One sign was the nomination of Oliver North to carry the Republican flag against the incumbent Senator, Charles Robb, in Virginia. It is the home state of the evangelist and one-time presidential candidate, Pat Robertson, whose followers played a big role in propelling the Iran-Contra villain turned populist to victory at last weekend's convention.
Barring upsets, the next 10 days will bring two further triumphs for the religious right and deepen the fissures laid bare by Colonel North. In disciplined, liberal Minnesota, the moderate sitting Governor, Arne Carlson, is about to be disowned by the party convention in favour of an anti-homosexual, anti-abortion conservative, Allen Quist, who claims that men have a 'genetic predisposition' to be heads of household. Mr Carlson's waning hopes of re-election depend on Minnesota's nominating primary in November.
This weekend in Texas, meanwhile, right-wingers who have forced out the veteran Republican chairman, Fred Meyer, are expected to have one of their own elected to head the party's organisation in the third largest US state. Moderates fear the step will damage the chances of George Bush, son of the former president, defeating Governor Ann Richards in November, and even scotch the re- election of Kay Bailey Hutchinson, the golden girl of Senate Republicans in Washington.
For some, like the Republican analyst Kevin Phillips, the alarm is exaggerated. 'There are 15 or 20 states,' he says, 'where the religious right either once controlled, does control, or could control the local party - but never all 15 or 20 at the same time.' Even so, the inroads are undeniable and, as the continuing North controversy shows, the intra-party turmoil ever more obvious.
This week, the Senate minority leader, Bob Dole, the party's senior spokesman, expressed his displeasure at Colonel North's success and hinted he might follow the example of Virginia's Republican Senator, John Warner, and back an independent Republican against Colonel North. Within 24 hours, Mr Dole came under fire from leading conservatives.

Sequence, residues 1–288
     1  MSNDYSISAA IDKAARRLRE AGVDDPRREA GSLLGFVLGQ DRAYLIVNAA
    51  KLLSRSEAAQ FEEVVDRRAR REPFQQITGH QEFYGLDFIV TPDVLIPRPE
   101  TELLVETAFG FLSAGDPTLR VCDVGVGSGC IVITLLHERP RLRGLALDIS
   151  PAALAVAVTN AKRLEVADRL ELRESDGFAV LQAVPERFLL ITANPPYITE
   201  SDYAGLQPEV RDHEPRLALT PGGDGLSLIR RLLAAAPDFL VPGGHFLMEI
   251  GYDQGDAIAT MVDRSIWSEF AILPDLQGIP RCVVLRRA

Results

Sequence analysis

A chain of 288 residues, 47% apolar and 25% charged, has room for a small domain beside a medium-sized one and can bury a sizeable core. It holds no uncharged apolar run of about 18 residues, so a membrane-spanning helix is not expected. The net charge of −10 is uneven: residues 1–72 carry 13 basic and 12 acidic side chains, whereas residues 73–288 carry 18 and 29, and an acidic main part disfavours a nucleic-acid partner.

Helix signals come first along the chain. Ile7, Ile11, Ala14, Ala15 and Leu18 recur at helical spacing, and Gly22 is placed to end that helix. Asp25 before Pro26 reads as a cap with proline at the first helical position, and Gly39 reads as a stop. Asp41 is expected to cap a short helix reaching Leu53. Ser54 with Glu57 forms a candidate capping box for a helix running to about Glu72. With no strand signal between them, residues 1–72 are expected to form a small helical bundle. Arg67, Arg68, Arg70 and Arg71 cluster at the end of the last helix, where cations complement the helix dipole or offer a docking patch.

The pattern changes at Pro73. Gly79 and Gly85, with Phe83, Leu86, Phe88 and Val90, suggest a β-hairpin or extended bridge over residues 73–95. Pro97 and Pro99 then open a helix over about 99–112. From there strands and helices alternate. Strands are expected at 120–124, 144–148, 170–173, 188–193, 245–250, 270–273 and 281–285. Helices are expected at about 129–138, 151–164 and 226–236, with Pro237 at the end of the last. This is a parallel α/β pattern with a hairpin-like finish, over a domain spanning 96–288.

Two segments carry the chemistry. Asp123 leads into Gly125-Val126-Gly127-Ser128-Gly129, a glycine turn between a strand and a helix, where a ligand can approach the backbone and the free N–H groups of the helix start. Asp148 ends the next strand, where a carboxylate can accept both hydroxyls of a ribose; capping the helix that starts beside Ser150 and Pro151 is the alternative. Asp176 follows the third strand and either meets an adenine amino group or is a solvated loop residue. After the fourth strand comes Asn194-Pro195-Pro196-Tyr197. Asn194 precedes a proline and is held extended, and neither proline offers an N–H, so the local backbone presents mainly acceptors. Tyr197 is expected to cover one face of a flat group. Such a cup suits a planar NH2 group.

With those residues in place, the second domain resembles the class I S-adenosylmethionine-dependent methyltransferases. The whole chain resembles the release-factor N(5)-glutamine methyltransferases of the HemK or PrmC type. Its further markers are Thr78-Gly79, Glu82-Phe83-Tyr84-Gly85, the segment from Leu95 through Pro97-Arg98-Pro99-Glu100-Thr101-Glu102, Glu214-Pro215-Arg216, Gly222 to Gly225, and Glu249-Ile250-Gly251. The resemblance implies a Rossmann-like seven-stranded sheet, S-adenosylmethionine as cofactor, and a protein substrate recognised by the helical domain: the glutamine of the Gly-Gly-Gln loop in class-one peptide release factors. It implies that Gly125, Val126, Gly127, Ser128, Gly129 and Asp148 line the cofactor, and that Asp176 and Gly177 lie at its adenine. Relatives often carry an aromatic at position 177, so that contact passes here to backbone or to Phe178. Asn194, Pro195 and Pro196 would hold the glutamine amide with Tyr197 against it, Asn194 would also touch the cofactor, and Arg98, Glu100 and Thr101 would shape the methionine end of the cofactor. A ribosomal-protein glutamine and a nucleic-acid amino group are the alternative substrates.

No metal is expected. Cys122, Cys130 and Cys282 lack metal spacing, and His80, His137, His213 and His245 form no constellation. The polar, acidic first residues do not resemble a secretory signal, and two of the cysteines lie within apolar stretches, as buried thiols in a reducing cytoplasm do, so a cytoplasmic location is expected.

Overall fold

The advance of the religious right is almost a mirror image of the 'entryism' tactics by which the far left made inroads into the British Labour Party in the 1970s. In the US, committed activists with fundamentalist views pack the grass-roots meetings that pick delegates to important bodies. Church-linked parish assemblies, often so influential in rural America, speed the process.
Today, according to a recent study, the religious right has effectively seized control of Republican organisations in Texas, Oregon, Iowa, Virginia, South Carolina and Washington state. In California, New York, Florida and Louisiana it has made notable gains. Whether the successes are to the party's overall benefit is debatable.
They pose a similar dilemma to Republicans as the Labour entryists 20 years ago. The party cannot afford to alienate its most committed and energetic supporters, of priceless fund-raising powers. But too much obvious influence for the fundamentalist Christian right risks alienating the swing voters who decide elections.
President Bush's difficulties in 1992 stemmed in part from a Houston nominating convention that adopted a platform outlawing abortion, and came across on television as a prime-time rampage by intolerant zealots, pounding more reasonable voices into silence. The same, some party strategists fear, could happen this autumn, when Republicans hope to pick up some 20 House and at least four Senate seats. The party may have more difficulty picking a centrist candidate who could upset a vulnerable President Clinton in 1996.
Mr Clinton has lost no time in exploiting the opportunity. Hardly had Colonel North been chosen than the President called it a victory for the 'radical right', which was trying to take over 'first the Republican party and second this country'.